Having a special place to keep baby’s things can balance the need for safety with their exploration and play. You could consider new things they might like to play with.

At this time, babies are becoming more mobile, curious and keen to explore what they can grab and mouth. They are beginning to understand about ‘object permanence’, that is, that things can still exist even if they’re out of sight.

A place for baby’s things

Having a special place for baby’s things can help to support both these developmental stages.

In the booklet Te Pihinga 2, page 17, whānau say:

‘We have ways to keep the kāinga safe but interesting, having spaces just for pēpi – a kitchen drawer, cupboard or low shelf.’

Ask whānau:

  • Have you thought about a safe and secure baby-friendly space in your home that’s just for baby and their things?
  • What might the advantages be?

Some families put a sticker with baby’s name on the cupboard or drawer.

  • How does your baby know it’s their space?

Balancing safety and exploration

There’s lots of information about keeping baby safe, but we also don’t want to restrict them from exploring the world. Part of creating a ‘yes’ environment is to let baby have some freedom to explore and play.

Use some of the conversation starters below to encourage whānau to think about what feels right for their family.

  • What might baby like about having their own special place?
  • How might it help the rest of the family?
  • What about when there are other young kids in the whānau –how would that work?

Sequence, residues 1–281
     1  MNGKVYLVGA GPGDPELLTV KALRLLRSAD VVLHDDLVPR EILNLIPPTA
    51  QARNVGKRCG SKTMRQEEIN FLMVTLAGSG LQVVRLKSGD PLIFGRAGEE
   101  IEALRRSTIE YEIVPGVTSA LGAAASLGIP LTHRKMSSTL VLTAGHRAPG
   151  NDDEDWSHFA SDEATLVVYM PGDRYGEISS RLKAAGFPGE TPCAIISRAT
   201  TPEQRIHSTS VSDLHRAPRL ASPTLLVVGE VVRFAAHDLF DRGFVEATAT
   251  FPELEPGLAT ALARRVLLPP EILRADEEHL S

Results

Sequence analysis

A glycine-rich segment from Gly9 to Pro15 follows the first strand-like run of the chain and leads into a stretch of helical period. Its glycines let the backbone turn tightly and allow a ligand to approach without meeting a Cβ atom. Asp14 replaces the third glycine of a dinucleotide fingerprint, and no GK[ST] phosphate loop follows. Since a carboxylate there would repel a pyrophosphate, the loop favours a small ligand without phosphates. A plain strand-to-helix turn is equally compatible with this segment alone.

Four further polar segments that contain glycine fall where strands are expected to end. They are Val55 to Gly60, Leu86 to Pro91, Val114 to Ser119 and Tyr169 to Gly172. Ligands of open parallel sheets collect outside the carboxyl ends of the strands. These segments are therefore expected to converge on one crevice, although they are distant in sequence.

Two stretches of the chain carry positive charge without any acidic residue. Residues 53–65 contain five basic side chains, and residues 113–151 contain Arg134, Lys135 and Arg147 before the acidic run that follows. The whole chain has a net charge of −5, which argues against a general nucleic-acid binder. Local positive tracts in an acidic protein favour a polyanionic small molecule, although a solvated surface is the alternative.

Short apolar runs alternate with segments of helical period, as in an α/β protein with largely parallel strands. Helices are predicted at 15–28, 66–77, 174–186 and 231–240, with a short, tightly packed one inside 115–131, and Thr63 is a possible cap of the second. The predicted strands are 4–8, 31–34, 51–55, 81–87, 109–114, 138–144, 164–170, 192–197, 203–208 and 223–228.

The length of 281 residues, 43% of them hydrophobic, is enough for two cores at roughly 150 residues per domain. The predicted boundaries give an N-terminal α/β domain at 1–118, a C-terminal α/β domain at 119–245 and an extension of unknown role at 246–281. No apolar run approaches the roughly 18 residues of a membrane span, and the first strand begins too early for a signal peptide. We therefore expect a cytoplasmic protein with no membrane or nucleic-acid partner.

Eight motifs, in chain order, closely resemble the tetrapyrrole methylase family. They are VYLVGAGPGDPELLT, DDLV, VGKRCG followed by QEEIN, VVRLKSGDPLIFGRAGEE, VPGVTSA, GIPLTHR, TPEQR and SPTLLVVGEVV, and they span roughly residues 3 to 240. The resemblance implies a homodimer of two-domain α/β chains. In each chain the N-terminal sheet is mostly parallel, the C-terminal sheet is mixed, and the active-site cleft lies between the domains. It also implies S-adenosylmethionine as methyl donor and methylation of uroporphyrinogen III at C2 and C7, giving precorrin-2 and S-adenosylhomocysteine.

• Let’s have a look around – what might work for you and baby?
  • What does it need to be like?
  • Why is that?

Look around at what baby can reach and help parents decide if they want those things in reach or not. Maybe parents could put those things up high for a while?

  • What are some of the things baby likes to play with that are okay for them to have?
  • What are some new things baby hasn’t played with before that they could have?
  • Could these things be kept in their special place?

Keeping baby safe at all times

‘Child neglect’ can mean pēpi being left alone for long periods and not interacted with or responded to.

However, there are times when parents have to do things that take them away from their baby. Help parents to think about what might be an acceptable time to leave baby without supervision.

  • What do you do when you have to hang out the washing and baby is awake?
  • Have you ever left baby alone in the house?
  • If you were accidentally locked outside for 10 minutes and baby was left inside by themselves, would they be safe?

Helpful resources for whānau